In 2008, upon the finalisation of the last State Reporting Procedure on this Optional Protocol, the UN Committee advised Germany, amongst others, to raise the recruitment age for entry to the German armed forces to 18. Also, to improve the assistance and treatment of refugee children, and 'specifically prohibit the sale of arms when the final destination is a country where children are known to be - or may potentially be - recruited or used in hostilities.'[1]

Although the recommendations of the Committee as well as the Shadow Report Child Soldiers 2007 have been discussed several times in the German parliament and by the government, hardly any of the recommendations have yet been implemented. This is the reason why civil organisations continue to be active. The 2011 Shadow Report and the updated version of 2013 focus on three issues: the recruitment and promotion practices of the German national army targeted at minors (for instance, promotions in schools, youth media, fairs, and employment agencies), refugee children, and arms exports.
The oral consultations in the current State Reporting Procedure on Germany will have taken place during 2013, while the Concluding Observations of the Committee are expected to come out in early 2014. However, the points of criticism included in the Shadow Report, as well as the deficient German implementation of the recommendations of the UN Committee, will have already been widely discussed. Due to the fact that the Shadow Reports argue with international human rights law and recommendations of the UN and form part of the framework of the UN human rights system, they have a strong impact on both media and politics.

Furthermore, civil society protests against the insufficient situation of implementation, with campaigns such as Aktion Rote Hand (Red Hand Action), Schulfrei für die Bundeswehr (Armed Forces-free Schools), Jetzt erst Rechte für Flüchtlingskinder (Now more than ever: Rights for Refugee Children), and Aktion Aufschrei – Stoppt den Waffenhandel (Action Outcry – Stop the Arms Trade). The pressure on the German government to implement the recommendations of the UN Committee has thereby increased.[2]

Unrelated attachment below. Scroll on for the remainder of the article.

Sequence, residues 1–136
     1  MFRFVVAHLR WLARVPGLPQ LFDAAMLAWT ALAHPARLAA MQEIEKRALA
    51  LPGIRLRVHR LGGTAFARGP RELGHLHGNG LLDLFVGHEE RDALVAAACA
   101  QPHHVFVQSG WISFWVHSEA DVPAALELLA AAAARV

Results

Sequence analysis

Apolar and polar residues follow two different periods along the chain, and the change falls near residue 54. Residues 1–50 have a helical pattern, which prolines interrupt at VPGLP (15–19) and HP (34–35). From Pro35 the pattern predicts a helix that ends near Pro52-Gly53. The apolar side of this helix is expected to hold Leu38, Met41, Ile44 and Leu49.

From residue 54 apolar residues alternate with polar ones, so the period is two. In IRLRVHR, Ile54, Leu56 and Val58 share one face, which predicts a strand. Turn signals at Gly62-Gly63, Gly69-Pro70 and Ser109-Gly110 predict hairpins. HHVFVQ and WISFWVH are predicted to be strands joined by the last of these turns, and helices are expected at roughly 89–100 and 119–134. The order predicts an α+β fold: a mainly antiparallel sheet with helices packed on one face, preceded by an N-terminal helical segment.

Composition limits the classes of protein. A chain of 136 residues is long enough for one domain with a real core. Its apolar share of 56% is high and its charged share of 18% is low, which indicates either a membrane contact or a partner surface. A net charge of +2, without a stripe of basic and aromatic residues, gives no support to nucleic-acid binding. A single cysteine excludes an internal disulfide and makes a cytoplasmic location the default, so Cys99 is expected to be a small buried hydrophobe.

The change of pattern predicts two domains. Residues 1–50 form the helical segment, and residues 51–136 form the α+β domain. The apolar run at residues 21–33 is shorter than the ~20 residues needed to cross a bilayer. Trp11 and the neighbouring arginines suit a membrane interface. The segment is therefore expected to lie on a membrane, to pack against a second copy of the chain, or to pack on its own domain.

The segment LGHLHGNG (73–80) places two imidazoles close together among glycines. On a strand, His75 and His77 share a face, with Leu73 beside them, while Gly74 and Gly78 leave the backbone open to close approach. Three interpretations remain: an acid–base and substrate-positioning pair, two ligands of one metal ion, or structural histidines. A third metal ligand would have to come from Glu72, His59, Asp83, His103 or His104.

Universal Periodic Review in the UN Human Rights Council (H2 this)

In the Universal Periodic Review procedure of the UN Human Rights Council there are similar options for civil society to be involved and express views. In this case, the relevant NGO can send reports directly to the Human Rights Council itself by emailing The Member States of the Human Rights Council can bring up certain aspects of the points made, in the discussions of the Human Rights Council. This procedure similarly can exert pressure on the respective government and potentially result in an improvement of the human rights situation in that country.

The politics of military recruitment, conscientious objection to military service promotion, and the promotion of the military can all be addressed through both of these UN reporting procedures. They are effective mechanisms at both national and international level for political advocacy and increasing public pressure. An example of a major success in recent years is the raising of the minimum age of military recruitment in many states, including South Africa, Nepal, Italy, Spain, and Poland.

[1] UN Committee on the Rights of the Child, 'Concluding Observations: Germany,' 1 February 2008.
[2] Shadow Report Child Soldiers.; Red Hand Day.; Action Outcry - Stop the Arms Trade.; Campaign against Military Promotion in German schools (German only).; Campaign ‘Now more than ever – Rights for Refugee Children’ (German only). (all accessed February 2013).

Translated from the original German by Josephine Wragge and Ralf Willinger